Old school

I’m still a bit woozy from a late night disk recovery at home which kept me up until about 4am Wednesday morning, but I thought I would point out two items in an old area of interest of mine: theoretical physics.

First, Physics Today has devoted a special issue to Hans Bethe. Bethe’s range and impact on physics is astounding to me: his 1967 Nobel prize for determining the nuclear reactions that result in the burning of stars came after many contributions to atomic and nuclear physics, roles at both the MIT Radiation Lab and Los Alamos during the Second World War, and important calculations for statistical physics. Oh, and he performed the first theoretical calculation of the Lamb shift, which validated the idea of quantum electrodynamics. The series of articles by friends and colleagues is excellent and, if you can grab a copy, definitely worth a read. (The site doesn’t have it, on first glance.)

Reading the practical scenarios where Bethe connected theory to a problem at hand, and then kept going, I wonder if Bethe might have been a better role model than my graduate school choice of Lev Landau, the 1962 Nobel winner in Physics (for the theory of superfluid helium, among other contributions). Of course, Landau’s preferred working style involved reclining upon his couch, which is a fundamental contribution I still hope to emulate.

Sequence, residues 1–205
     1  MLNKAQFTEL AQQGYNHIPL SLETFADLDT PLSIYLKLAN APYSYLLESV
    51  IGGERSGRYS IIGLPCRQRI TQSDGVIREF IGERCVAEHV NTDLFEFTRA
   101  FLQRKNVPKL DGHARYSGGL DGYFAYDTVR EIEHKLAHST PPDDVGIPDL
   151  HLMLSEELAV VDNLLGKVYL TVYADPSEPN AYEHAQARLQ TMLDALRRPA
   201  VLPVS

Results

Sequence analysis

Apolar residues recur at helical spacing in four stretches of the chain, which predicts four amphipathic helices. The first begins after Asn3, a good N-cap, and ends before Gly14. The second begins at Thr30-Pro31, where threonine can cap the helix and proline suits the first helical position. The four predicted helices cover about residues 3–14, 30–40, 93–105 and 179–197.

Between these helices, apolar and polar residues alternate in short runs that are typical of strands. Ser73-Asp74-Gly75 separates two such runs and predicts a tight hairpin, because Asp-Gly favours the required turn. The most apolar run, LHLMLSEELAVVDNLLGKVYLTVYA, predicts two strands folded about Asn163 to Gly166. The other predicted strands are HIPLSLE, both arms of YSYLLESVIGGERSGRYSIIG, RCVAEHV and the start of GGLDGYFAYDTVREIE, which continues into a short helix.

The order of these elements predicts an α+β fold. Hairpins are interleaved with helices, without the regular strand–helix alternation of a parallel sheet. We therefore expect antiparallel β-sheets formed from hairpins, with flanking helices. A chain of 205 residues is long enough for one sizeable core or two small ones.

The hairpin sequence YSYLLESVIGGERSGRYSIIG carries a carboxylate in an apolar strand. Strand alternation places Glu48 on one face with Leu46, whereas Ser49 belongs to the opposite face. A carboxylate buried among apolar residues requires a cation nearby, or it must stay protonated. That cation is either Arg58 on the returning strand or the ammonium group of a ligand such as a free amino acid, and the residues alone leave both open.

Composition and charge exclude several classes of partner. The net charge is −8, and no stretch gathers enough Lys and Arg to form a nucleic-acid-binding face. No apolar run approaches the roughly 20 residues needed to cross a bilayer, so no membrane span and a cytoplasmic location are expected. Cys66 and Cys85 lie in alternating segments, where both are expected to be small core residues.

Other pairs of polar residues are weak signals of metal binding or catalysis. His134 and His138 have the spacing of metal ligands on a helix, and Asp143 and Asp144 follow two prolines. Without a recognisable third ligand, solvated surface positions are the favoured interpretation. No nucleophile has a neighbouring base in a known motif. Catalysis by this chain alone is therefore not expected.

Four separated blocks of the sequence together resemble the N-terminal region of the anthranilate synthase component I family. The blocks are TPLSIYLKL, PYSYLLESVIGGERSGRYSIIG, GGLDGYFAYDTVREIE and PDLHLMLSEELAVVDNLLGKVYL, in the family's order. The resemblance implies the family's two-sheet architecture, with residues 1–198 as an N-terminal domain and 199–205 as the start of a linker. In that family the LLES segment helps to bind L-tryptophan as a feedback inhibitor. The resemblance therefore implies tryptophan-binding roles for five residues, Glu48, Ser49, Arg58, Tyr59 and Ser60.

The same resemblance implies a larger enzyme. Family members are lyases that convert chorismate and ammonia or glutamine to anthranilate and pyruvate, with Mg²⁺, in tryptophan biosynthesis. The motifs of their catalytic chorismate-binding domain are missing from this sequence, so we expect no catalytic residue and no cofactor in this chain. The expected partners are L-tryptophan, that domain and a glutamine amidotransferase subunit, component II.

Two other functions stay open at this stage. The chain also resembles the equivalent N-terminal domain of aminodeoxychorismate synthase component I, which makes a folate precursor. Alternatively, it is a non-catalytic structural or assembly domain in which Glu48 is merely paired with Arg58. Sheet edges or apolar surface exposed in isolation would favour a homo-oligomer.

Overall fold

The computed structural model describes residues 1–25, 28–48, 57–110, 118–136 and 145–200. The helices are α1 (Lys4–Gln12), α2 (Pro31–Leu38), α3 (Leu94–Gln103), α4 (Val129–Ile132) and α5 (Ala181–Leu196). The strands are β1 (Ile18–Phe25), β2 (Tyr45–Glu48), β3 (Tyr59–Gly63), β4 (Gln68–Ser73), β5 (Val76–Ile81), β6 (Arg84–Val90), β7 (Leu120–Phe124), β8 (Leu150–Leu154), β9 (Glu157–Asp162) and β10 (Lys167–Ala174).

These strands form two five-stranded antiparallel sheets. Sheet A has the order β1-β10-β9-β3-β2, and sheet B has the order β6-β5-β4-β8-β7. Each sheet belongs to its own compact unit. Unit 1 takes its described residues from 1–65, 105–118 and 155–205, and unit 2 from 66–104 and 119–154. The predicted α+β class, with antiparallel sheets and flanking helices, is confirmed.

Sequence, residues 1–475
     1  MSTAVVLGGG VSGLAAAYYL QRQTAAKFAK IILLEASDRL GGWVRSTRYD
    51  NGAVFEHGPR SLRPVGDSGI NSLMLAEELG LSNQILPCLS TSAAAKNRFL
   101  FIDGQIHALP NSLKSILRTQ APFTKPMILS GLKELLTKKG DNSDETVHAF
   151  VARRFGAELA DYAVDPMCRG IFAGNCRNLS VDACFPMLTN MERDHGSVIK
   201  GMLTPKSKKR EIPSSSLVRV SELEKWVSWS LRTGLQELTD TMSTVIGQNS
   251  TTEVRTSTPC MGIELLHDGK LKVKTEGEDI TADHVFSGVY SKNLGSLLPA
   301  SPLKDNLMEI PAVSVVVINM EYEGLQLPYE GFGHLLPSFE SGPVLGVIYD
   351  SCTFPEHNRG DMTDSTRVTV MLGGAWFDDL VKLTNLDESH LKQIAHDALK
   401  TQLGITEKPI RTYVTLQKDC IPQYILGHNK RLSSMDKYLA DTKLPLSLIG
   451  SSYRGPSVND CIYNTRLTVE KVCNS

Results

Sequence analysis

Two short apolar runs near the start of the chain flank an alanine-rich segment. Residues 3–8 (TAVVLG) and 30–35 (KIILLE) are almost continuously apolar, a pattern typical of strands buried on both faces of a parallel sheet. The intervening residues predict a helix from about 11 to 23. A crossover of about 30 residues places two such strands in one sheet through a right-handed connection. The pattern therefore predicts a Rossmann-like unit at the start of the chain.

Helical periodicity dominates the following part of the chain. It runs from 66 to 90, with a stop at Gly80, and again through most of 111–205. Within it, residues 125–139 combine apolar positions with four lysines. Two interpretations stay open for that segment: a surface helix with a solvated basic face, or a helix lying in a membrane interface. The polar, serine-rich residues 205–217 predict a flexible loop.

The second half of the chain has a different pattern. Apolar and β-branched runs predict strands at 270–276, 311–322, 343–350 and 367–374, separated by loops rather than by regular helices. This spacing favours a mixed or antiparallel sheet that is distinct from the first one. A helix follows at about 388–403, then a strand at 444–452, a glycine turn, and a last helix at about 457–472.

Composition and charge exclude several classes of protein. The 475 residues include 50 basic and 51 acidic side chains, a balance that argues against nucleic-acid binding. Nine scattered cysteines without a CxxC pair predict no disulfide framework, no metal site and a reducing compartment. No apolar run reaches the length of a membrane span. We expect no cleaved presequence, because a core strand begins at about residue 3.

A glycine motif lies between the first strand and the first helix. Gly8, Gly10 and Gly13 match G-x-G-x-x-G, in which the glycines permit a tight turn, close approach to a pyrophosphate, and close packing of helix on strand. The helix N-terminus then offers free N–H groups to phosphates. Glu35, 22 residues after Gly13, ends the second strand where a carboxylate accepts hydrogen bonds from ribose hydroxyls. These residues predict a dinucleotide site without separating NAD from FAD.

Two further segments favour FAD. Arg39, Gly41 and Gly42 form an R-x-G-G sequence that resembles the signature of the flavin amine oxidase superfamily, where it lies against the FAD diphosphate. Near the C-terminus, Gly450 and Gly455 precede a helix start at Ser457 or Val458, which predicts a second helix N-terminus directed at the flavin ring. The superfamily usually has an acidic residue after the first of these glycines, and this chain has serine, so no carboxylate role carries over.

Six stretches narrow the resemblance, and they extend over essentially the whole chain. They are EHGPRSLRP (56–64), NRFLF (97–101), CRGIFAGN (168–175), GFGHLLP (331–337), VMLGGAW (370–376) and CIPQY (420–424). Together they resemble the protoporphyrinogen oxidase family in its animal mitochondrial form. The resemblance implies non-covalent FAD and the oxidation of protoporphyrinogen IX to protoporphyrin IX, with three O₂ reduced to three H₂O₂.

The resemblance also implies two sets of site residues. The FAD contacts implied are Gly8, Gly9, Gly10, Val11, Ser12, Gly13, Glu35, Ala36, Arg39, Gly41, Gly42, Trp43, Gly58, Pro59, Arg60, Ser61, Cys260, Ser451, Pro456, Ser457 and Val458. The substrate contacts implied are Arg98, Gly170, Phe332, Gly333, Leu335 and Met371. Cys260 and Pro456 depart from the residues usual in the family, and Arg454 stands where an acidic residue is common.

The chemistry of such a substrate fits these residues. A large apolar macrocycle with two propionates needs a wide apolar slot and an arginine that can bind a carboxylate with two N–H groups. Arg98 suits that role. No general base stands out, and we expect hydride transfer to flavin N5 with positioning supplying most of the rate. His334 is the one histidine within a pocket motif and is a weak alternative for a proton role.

The other item is that an old graduate school friend of mine, Mark Trodden, is, with a group of other—I’ll say young—theoretical physicists, writing a focussed-on-science-but-still-popular blog entitled Cosmic Variance. These are smart folks and, since we all can’t be research scientists, it’s a treat to get a chance to see some distinct intellectual viewpoints. Check it out.

(Maybe if I end up with another involuntary late night of repairs and resyncing, I’ll have a look around and see who else from school is blogging actively. Or just melancholily ruminate on lapsing and relapsing between engineering and science (which is why, when I confessed to dilettantism, I was being quite honest).)

Updated 2010-09-05: Fixed link to reflect Mark being at UPenn.